of the mass. Hanna, trying to prove me wrong googled the question on her phone and low
and behold I was right and they were all disappointed.
Now to have some fun for myself I asked what the hottest planet was and why, the
answers were all different. Hanna again confidently said it would me Mercury because it is
the closest to the sun. Hunter who sometimes does not think at all, retorted that Mars is red
and closest so obviously that is the hottest. Eye rolling followed that comment, and Austin
sighed loudly, and proceeded to explain that Mars is farther than Earth from the Sun and
that Venus is actually the hottest planet because of greenhouse effect. I was a little

surprised to hear him know exactly which planet was and why, I was sure they would all
guess like Hanna. Explaining what the greenhouse effect is worked about as well as telling a
three year old how to do algebra, it went over both Hunter and Hannas heads and they still
dont understand it, even when I drew out a diagram for them.
Deciding it was time to try and go a little bit easier on the group I asked them what
two gasses make up most of the universe and created everything. My thought ended up
being completely incorrect, the question created a two sided debate with Hanna and Austin
both trying to convince Hunter that the two elements were Hydrogen and Nitrogen, while
she insisted that it was Nitrogen and Oxygen. Hydrogen was the main fight because those
who supported it believed you had to have the smallest element possible to make bigger
elements. Hunter on the other hand was sure it didnt matter because we need Oxygen to
breathe so obviously that is the one that had to help create everything. When I asked them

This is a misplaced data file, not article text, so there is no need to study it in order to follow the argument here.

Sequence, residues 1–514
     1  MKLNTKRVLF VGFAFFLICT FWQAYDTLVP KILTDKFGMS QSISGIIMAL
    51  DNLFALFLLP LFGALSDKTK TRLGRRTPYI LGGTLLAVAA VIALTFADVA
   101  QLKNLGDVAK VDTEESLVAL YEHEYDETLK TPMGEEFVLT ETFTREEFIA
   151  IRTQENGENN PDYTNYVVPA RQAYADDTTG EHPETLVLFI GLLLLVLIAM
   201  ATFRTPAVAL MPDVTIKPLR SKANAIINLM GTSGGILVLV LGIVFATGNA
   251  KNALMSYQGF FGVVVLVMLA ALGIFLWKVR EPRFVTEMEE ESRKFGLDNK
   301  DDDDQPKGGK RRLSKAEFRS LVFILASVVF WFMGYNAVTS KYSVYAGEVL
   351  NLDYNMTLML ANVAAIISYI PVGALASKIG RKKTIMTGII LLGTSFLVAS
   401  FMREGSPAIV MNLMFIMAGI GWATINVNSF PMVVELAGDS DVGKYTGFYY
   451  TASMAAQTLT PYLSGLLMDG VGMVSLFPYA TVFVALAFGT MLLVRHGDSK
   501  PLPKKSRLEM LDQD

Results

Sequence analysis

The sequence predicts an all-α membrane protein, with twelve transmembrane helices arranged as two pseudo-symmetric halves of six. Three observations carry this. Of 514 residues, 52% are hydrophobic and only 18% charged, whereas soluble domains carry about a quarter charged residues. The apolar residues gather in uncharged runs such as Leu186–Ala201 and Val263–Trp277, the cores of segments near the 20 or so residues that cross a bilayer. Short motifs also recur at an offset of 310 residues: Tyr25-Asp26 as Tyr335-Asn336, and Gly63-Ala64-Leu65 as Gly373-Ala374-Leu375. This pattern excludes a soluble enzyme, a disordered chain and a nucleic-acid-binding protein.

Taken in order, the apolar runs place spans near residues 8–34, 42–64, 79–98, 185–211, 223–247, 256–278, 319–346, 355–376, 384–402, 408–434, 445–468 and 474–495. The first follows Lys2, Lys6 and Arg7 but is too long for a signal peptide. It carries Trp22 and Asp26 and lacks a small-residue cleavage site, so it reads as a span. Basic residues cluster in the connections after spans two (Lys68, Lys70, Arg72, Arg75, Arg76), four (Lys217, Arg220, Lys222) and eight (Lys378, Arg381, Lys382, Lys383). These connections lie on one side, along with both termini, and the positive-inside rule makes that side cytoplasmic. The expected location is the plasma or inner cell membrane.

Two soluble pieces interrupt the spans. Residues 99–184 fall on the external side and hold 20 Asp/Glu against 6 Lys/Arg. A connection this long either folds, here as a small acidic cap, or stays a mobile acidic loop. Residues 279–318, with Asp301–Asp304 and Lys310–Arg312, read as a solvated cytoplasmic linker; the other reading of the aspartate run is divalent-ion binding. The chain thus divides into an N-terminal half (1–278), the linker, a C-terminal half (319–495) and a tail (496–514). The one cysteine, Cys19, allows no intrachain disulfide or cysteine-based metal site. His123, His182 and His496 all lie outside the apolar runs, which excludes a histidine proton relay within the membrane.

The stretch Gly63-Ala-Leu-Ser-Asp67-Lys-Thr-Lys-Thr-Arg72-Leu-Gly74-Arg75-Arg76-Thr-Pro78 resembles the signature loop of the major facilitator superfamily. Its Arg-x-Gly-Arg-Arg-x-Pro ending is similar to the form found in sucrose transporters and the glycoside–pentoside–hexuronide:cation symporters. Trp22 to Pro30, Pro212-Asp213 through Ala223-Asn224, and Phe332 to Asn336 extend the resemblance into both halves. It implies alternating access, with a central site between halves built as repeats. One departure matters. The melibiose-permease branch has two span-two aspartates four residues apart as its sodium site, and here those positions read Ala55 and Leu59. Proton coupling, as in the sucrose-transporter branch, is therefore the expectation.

all why they said Nitrogen none of them had an answer even though they all said it was one
of them. When they finally chose to stop arguing about Hydrogen and Oxygen I was able to
explain that the elements where those two which were simplest and smallest, Hydrogen
and Helium, which got me the retort of why is helium supposedly disappearing if it is one of
the two most common in the universe. At the time I was unable to answer this question, but
as we learned in class as the semester continued I was able to let them know that this is
because the Helium is in stars. And the only real way for us to get more Helium from Space
onto Earth would be to be close to a Supernova that spits it out along with other elements,
which would also put us close enough to not be alive anymore.

This assignment brought out a new understanding of how little the general public
knows about astronomy and the universe around us, as well as showing me how much I am
learning in this class. When they asked a question I was unable to answer it made me
wonder and want to know the answer which made me feel more interested in the subject
as a whole. Overall I enjoyed the opportunity to plan and execute a final paper without it
being something I only use the internet to find answers for, but something to involve
myself and others in.